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Thread: Square tube aluminum load ratings

  1. #1
    Associate Engineer
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    Apr 2013
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    Square tube aluminum load ratings

    Good morning,

    I am building a catamaran dolly, using square tube aluminum T6061. The weight of the catamaran will be distributed on four points, indicated by the shaded tubes at the end of the cross-bars in the attached diagram. The catamaran weighs around 400 lbs, and has a beam of 7'8" between the hulls.

    I'm not sure how to calculate this, but my questions are these:

    1) What is the minimum size of square tube I can use to support the load of the catamaran, given the attached diagram. The gauge of aluminum tube I have to work with can be either 0.12, 0.188 or 0.25". The size of square tube aluminum is either 1", 1.25", 1.5" or 2".
    2) The axle diameter in the wheel rims is 3/4". Can I use a solid aluminum 3/4" bar as an axle, or would I have to go steel? I don't think 3/4" aluminum tube would be strong enough. Rim diameter is 8".
    3) Given that the dolly will be in and out of the water, I need to think about metal corrosion, especially since I plan to bolt the frame together. Must I use aluminum plates, bolts and nuts to bolt together, or can I use stainless steel, perhaps with plastic washers?
    4) What would be the best way to mount the axles to the supports? I do not have access to an aluminum welder.

    thanks in advance!

    Cameron


  2. #2
    Technical Fellow
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    Feb 2011
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    Hi Cameron and welcome. A bit of a big ask there.

    Why aluminum? Stiffness is about pound for pound with steel in load carrying situations. Steel costs less too.

    Corrosion, well, aluminum has the advantage up to a point. Stainless steel bolts will cause galvanic corrosion and the trailer will fall apart. Steel can more easily be welded by the home builder and should never fall apart.

    Axles have bearings and seals to keep grease in and water out so there needs to be some machining done. Best bet is to go to a website that sells trailer parts like axles and hubs. Far cheaper than getting your own machining done.

    Finally to answer a little more specifically, for 400-pounds you could almost use well-aged Pasta as a building material. That is just 200-lbs a side so when you decide on a material, ask the questions again. The load you are looking to calculate is from the resting point of one hull at the end of the support and the point at which it crosses a longitudinal member, or looking at your drawing, about the 18" mark. That is the bending moment you need to define.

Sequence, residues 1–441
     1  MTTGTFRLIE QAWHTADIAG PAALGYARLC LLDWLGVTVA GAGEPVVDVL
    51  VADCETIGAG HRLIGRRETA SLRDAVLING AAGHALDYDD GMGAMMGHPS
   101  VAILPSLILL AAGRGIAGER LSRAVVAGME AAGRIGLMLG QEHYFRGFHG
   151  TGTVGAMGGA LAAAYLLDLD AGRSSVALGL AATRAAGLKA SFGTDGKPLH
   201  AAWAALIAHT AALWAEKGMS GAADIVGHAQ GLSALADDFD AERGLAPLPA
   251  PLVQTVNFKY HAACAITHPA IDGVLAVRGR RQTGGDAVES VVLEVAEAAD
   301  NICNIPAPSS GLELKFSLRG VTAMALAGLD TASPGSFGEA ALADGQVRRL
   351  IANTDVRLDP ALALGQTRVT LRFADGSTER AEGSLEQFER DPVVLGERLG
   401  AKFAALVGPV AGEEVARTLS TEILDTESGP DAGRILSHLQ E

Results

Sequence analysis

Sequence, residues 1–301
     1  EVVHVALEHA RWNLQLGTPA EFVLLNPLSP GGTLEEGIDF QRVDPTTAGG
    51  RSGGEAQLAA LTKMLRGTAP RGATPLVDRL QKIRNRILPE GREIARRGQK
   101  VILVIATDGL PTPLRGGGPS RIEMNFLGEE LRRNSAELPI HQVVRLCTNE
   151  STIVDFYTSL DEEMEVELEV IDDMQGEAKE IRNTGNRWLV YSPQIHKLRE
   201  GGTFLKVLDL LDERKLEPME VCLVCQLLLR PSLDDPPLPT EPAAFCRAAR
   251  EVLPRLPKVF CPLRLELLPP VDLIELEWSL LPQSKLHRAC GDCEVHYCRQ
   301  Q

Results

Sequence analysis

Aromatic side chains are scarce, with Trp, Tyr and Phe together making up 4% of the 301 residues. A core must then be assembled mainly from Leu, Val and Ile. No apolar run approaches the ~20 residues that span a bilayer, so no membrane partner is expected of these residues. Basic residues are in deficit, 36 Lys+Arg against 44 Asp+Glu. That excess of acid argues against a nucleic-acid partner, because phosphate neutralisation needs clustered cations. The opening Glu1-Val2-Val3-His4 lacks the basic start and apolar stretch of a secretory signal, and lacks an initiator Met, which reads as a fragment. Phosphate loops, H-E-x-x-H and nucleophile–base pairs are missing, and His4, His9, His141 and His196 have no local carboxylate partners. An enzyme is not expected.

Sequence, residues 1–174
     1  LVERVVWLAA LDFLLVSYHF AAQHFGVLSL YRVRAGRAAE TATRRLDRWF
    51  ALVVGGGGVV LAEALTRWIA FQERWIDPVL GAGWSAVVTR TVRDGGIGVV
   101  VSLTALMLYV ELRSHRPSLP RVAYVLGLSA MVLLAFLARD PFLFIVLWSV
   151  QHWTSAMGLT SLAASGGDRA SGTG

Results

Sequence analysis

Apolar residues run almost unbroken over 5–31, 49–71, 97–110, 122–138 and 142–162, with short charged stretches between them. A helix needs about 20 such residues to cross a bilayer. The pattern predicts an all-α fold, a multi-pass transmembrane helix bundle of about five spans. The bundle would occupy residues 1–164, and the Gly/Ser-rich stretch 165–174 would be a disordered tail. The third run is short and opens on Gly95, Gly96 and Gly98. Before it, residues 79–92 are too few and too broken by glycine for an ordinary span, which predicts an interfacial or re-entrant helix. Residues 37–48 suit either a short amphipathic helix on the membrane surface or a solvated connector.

Then use one of the calculators on this website kindly provided by Kelly, and all will be revealed.

  3. #3
    Associate Engineer
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    Apr 2013
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    Hi, thanks for the quick response. Why aluminum? Simple, weight. I have a steel trailer for the boat, and it weighs nearly as much as the boat itself. With the boat loaded on the trailer, the combined weight is more than one person can manage, especially over sand and in and out of the water. So the trailer is for road-based transportation, where I can hook it up to my truck.

    However, the use for this dolly is on the beach, moving the boat across the sand, to launch in and out of the wate. If I can keep this dolly under 100 lbs (which I can do if it is aluminum), I will be able to move it around

    The rims that I have for the tires have plastic bushings, which I think will suffice for the simple rolling (100 metres or so) to the water and back, so I don't think I'll need bearings and such.

    I think I understand your answer - the longitudinal member at the outside of the tire should provide enough support to prevent the cross bar from bending inside that. Hmmm...interesting. I had initially planned at bolting the crossmembers at right angles to the longitudinal supports, but now I am thinking that I will place them on top, and bolt from the top down (instead of from front to back). Think I get it, and I'll look for Kelly's calculator's. Thanks!